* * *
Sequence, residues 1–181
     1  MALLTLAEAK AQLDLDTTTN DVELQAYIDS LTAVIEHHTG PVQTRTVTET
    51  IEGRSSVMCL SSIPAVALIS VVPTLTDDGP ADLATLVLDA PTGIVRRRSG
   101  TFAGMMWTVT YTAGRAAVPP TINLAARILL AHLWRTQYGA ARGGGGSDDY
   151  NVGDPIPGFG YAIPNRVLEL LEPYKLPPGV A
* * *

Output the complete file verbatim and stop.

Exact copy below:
Sequence, residues 1–181
     1  MALLTLAEAK AQLDLDTTTN DVELQAYIDS LTAVIEHHTG PVQTRTVTET
    51  IEGRSSVMCL SSIPAVALIS VVPTLTDDGP ADLATLVLDA PTGIVRRRSG
   101  TFAGMMWTVT YTAGRAAVPP TINLAARILL AHLWRTQYGA ARGGGGSDDY
   151  NVGDPIPGFG YAIPNRVLEL LEPYKLPPGV A